That drew angry responses, especially from locals who don’t see why their pooches shouldn’t be allowed to roam free. “Freddy isn’t hurting anyone,” one man wrote. “He just likes going down the street to visit our neighbour’s terrier, Sophie.”

Well, that’s just plain adorable, or it would be if a woman hadn’t made the following suggestion: “How are we supposed to know? Couldn’t you put a sign on Freddy saying, Going to visit Sophie?”

“Maybe you could wear a sign saying, Going shopping,” the dog owner replied.

From there, the battle lines have been drawn. On one side, the well-intentioned dognappers, on the other, pet owners who say, “Leave our frigging dogs alone!”

This, of course, brings my wife into the vortex, keeping an eagle eye out on social media for the next stray posted. “Look at him,” she’ll say, showing me the latest entry. “He’s so scared he won’t even smile for the camera.”

“It’s probably Freddy,” I say. “He can’t keep his paws off Sophie. They should have their own doggie apartment for trysts.”

“It isn’t Freddy, for God’s sake.”

“How do you know that?”

“Because this dog doesn’t have tags or chips.”

“Well, I’m sure the owner will be found.”

“The poor thing,” she goes on. “I don’t care what anybody says. If I see a wandering dog, I’m going to bring him home.”

“There’s one,” she squeals, getting her coat and rushing out the door.

She stares out the window, noticing a shape in the distance, a dog ambling along the trail on its own. “There’s one,” she squeals, getting her coat and rushing out the door. She calls to the dog, she slaps her legs. I can hear her saying, “Come here, sweetie. Come to mommy.” The dog responds. It comes running towards her, it’s big sloppy jaws dangling like a sports fan.

He’s following her back to our house.

“I’ll feed you and bathe you and — and—”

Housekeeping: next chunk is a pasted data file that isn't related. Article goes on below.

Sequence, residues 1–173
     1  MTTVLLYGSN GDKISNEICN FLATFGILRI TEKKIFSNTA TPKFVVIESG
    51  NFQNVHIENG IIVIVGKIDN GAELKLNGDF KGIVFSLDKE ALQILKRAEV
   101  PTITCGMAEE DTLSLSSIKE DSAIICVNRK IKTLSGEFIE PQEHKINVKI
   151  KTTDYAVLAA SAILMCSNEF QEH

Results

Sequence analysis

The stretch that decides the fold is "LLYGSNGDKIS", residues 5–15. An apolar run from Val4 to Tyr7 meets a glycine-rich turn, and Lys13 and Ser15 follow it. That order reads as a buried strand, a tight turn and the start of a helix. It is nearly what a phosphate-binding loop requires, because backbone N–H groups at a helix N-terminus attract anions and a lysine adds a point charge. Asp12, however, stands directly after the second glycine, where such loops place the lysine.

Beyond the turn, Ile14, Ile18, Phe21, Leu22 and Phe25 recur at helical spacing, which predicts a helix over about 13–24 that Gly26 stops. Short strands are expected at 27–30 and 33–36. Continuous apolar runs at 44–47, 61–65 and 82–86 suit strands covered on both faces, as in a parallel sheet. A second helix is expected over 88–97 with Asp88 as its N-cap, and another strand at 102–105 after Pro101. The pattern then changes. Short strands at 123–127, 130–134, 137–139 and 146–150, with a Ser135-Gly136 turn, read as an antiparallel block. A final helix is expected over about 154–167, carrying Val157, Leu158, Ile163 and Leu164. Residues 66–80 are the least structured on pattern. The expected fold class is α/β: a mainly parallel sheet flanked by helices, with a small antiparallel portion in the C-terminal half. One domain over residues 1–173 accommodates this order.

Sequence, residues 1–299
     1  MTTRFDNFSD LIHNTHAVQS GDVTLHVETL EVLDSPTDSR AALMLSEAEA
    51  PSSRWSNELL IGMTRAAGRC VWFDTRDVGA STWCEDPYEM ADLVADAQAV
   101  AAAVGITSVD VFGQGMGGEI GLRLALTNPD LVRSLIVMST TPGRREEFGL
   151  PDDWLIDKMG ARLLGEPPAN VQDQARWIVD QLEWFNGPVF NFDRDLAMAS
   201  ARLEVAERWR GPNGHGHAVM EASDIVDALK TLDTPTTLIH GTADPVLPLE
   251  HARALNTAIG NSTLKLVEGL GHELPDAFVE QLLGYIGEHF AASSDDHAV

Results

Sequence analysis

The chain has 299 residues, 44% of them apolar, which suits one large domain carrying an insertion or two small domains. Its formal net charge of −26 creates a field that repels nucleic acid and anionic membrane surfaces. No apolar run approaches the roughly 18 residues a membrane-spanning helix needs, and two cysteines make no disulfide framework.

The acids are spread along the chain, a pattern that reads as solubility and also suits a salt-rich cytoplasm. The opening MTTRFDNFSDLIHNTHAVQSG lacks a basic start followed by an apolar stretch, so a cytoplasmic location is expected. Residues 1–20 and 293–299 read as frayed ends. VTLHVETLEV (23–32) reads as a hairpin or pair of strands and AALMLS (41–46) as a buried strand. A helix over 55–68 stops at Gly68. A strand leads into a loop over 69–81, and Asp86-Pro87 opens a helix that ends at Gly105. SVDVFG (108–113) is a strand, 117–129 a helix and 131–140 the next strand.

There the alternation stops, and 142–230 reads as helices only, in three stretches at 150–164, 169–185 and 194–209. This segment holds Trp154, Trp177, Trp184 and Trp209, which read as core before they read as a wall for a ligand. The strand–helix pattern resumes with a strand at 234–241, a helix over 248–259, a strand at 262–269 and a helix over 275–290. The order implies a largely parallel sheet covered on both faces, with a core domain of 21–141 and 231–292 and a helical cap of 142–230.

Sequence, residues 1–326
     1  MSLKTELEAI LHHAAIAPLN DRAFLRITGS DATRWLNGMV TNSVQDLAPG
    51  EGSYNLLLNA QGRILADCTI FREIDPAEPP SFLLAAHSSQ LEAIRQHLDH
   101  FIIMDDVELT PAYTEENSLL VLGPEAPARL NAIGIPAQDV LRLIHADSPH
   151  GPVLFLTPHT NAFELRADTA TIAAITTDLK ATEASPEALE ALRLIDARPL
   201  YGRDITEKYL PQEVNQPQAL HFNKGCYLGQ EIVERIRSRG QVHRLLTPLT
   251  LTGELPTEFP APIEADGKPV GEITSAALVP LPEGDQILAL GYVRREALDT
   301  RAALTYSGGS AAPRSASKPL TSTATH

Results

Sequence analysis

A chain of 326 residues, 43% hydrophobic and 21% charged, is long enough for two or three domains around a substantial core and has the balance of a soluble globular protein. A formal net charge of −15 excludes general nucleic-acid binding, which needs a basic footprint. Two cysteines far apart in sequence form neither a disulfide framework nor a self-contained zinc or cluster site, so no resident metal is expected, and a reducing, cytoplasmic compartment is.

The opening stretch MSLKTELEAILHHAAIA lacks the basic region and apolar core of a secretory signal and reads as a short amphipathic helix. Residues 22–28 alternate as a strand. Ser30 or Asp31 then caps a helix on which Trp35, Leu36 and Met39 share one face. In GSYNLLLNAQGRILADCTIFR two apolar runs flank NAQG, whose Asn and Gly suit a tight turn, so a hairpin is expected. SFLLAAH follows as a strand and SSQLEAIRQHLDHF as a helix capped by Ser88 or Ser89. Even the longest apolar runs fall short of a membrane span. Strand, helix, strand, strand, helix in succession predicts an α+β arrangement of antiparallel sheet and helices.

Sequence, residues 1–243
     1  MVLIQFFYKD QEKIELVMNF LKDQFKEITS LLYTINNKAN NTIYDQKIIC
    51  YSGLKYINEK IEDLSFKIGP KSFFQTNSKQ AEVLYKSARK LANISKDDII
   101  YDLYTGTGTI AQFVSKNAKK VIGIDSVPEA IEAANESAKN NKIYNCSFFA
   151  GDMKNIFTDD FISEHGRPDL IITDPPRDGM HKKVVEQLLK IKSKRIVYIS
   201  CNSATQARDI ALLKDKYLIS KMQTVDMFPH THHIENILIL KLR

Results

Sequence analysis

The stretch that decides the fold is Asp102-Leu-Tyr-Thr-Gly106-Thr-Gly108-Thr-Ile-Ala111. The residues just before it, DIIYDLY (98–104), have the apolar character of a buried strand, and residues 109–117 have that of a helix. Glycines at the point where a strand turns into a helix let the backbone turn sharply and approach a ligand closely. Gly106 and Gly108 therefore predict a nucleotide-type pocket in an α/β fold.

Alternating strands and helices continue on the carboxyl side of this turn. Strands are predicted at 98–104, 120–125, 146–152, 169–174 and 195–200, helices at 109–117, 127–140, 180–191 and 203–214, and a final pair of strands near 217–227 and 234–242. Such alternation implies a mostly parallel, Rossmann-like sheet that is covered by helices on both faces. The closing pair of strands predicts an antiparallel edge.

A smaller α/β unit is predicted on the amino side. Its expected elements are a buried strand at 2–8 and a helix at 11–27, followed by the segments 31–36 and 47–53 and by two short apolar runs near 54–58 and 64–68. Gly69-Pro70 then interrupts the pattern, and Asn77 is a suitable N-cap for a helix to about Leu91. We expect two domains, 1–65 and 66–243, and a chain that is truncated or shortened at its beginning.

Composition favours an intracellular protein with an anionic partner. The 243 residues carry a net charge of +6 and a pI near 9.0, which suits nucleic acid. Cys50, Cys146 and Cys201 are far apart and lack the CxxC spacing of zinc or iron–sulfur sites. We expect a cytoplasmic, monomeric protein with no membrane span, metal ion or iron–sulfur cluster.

That’s when we hear a voice shouting.

“Dognapper! Dognapper!”

A man emerges from the trees, pointing his finger at my wife. She’s running for our front door, the dog in hot pursuit, the man pulling out his phone. Moments later—okay, hours later—a police car arrives. My wife is taken in for questioning. This will, of course, go down as mistaken identity (first offence and all), but now my wife’s on the dognapper list.

They have no choice. They even take her picture.

Once back home, she says, “I’m not a — a dognapper.”

She won’t smile for the camera. She’s worse than that dog she showed me. Once back home, she says, “I’m not a — a dognapper.”

“I know you’re not, honey,” I say.

“Well, I’m not.”

She’s back in her chair, knitting away. People are passing by outside, giving our house an accusing glance. I close the curtains. We’ll keep a low profile for a while. No point arousing any further suspicions. When it’s safe — a couple of months from now, I’d say — we’ll get back to normalcy again. We might even get our own dog so my wife’s hands are full.

Until then, I’ll have to get used to living with a dognapper and being somewhat of an accomplice, since I was on the porch laughing.

She’s on file, anyway. They know where to find her.

I guess they know where to find me, too.

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Robert Cormack
The Haven

I did a poor imitation of Don Draper for 40 years before writing my first novel. I'm currently in the final stages of a children's book. Lucky me.